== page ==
So, we can be something amazing. In general though we kinda suck. I live in an America where we lock people up in secret prisons and debate whether or not it's ok to torture them. Lots of people sort of think this is a bad idea, but we seem to be approaching what to do about it indirectly at best.

As I was walking around the circle, getting high and meditating, I though, "Why are we not working on this more directly?"

I mean, we literally live in a world that is nothing like humankind has ever inhabited before.

Follow your bliss isn't just some sort of magical statement. It's practical advice on what to actually do.

I've been working on honesty, truth and spirituality for over tweleve years now. I've read hundreds of books and written tens of thousands of words on faith, cognition, ethics and God. I don't have it all figured out, but I sure as shit have as good an idea of what is right for me as anyone else on the planet.

I can look at myself and say, "you should be able to see the same spiritual truth while sober than you do while high." I do say that to myself. I really do wish getting high didn't put me in a place of clarity that I can't get to while sober, but it does. Whatever moral opinions I have flounder on that empirical shore.

It actually bothers me enough that I spend most of my time thinking about it. I've actually got some ideas. Wanna hear them?

One of the premises is most people lie at least a bit. Take your boss. Pretty much everyone who has a boss doesn't tell that person exactly what they think about them. This person, after all, holds significant power over your professional life. You don't want to piss them off so sometimes you might shade the truth a little.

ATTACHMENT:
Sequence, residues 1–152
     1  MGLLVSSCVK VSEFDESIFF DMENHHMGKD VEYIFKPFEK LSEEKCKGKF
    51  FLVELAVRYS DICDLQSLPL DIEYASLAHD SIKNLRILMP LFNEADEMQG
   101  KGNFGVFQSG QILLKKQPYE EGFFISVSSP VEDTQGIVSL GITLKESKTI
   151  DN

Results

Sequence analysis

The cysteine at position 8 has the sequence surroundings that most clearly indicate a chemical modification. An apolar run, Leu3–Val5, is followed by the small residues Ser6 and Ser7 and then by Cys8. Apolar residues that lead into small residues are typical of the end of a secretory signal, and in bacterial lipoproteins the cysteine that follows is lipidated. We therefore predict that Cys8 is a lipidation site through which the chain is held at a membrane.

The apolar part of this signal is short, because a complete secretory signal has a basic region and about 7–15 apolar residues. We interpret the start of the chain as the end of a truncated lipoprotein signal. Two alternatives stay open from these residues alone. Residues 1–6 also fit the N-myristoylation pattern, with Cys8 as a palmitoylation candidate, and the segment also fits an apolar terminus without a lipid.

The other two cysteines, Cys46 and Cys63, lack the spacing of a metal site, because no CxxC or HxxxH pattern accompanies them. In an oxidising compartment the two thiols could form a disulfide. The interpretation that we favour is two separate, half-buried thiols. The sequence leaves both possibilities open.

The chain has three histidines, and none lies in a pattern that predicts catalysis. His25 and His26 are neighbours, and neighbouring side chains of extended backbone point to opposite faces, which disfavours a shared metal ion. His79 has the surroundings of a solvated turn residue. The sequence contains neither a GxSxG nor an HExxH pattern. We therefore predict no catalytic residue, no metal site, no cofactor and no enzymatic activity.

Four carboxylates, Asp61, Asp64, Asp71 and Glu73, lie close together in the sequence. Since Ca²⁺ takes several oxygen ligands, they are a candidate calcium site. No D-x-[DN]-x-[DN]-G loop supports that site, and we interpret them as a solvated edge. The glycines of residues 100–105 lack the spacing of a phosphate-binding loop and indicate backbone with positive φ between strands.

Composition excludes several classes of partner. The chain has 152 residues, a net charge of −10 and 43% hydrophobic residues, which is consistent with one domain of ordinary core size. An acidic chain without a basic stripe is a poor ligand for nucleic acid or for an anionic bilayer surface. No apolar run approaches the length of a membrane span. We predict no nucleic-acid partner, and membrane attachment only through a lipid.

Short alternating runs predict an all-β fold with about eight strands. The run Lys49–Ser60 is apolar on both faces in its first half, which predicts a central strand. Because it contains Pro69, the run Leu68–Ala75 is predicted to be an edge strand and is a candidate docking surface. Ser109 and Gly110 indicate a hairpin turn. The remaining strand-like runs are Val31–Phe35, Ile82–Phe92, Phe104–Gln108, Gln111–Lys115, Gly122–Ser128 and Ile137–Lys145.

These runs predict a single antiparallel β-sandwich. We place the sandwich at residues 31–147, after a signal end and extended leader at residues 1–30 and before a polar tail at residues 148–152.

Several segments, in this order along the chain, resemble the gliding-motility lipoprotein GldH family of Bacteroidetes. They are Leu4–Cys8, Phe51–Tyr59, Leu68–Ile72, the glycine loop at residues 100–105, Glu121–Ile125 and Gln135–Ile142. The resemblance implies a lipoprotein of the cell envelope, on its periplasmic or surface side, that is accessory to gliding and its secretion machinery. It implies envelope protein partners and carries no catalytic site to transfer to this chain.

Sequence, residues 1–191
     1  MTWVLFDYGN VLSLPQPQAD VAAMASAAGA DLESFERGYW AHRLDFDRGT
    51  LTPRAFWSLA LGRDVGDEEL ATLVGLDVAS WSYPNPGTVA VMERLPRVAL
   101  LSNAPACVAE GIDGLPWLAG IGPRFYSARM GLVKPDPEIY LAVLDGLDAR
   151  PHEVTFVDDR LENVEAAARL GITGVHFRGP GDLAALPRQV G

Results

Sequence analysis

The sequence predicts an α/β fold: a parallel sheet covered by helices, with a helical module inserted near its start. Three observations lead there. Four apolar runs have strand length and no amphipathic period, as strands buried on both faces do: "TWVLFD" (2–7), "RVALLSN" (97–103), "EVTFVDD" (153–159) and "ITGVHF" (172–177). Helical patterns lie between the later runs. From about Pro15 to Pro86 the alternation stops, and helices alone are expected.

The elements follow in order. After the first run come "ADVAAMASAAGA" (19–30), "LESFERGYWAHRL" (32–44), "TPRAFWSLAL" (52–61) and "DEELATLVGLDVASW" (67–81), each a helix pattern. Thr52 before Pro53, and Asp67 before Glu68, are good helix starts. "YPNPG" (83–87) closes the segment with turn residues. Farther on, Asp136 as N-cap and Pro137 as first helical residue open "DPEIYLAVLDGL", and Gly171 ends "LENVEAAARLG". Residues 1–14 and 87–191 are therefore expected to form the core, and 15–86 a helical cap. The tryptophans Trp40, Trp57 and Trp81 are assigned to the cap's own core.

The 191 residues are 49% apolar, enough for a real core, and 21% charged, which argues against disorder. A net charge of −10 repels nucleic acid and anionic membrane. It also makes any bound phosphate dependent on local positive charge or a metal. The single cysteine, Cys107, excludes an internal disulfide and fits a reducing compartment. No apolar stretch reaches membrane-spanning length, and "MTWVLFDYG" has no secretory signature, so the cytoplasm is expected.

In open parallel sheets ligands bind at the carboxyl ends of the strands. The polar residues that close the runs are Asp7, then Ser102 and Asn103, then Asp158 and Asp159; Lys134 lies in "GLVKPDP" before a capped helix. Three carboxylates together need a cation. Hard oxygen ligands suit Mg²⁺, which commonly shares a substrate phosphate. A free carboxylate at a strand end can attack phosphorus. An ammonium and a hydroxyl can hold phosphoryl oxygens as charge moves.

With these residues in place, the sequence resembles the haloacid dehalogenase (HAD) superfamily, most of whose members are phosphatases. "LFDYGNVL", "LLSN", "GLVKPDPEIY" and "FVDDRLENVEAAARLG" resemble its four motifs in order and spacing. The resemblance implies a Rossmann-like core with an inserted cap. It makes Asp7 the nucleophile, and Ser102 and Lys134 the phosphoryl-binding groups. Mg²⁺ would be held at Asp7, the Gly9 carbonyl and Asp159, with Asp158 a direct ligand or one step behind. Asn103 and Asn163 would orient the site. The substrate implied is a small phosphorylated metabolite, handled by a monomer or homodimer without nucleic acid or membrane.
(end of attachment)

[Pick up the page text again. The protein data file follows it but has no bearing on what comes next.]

Pretty much all my lying is for reasonably nice reasons. My grandmothers didn't know when I was living with my girlfiend in college. It would have upset them and to what end? What do they get out of it? Nothing good that I could see and so I lied.

So, we lie. Little lies and big lies for selifish and selfless reasons. I'm not really worried about the why the lies happen, but how living in a world where we know everyone is lying to us affects us.

Because it's not like I'm revealing some amazing hidden truth. Everyone knows that everyone around them is playing some game with some goal, right? Everyone wants something, right?

The problem is I want to get to my goals as efficiently as possible. Since doing things requires interacting with lots of people I need to have some sort of guess as to what they're going to do. Because everyone's lying though, there's jitter on the certainty of that picture. Does my boss think I'm a slacker? Does my girlfriend think I'm arrogant? Maybe. I haven't really asked them directly and even if I did I can't entierly trust them since they might lie to me to avoid hurting my feelings.

Who doesn't know to lie when asked the question, "does this make my butt look big?"

Knowing the truth certainly comes with a price. It's emotionally uncomfortable to know what people around us really think. We've got millions of years of practice comminicating through lots of implicit channels — facial expressions, tone, posture. Ways of saying things while maintaining plausible deniability.

But we're getting closer and closer to not needing or wanting to be lied to any more, especially when we understand what we get in return.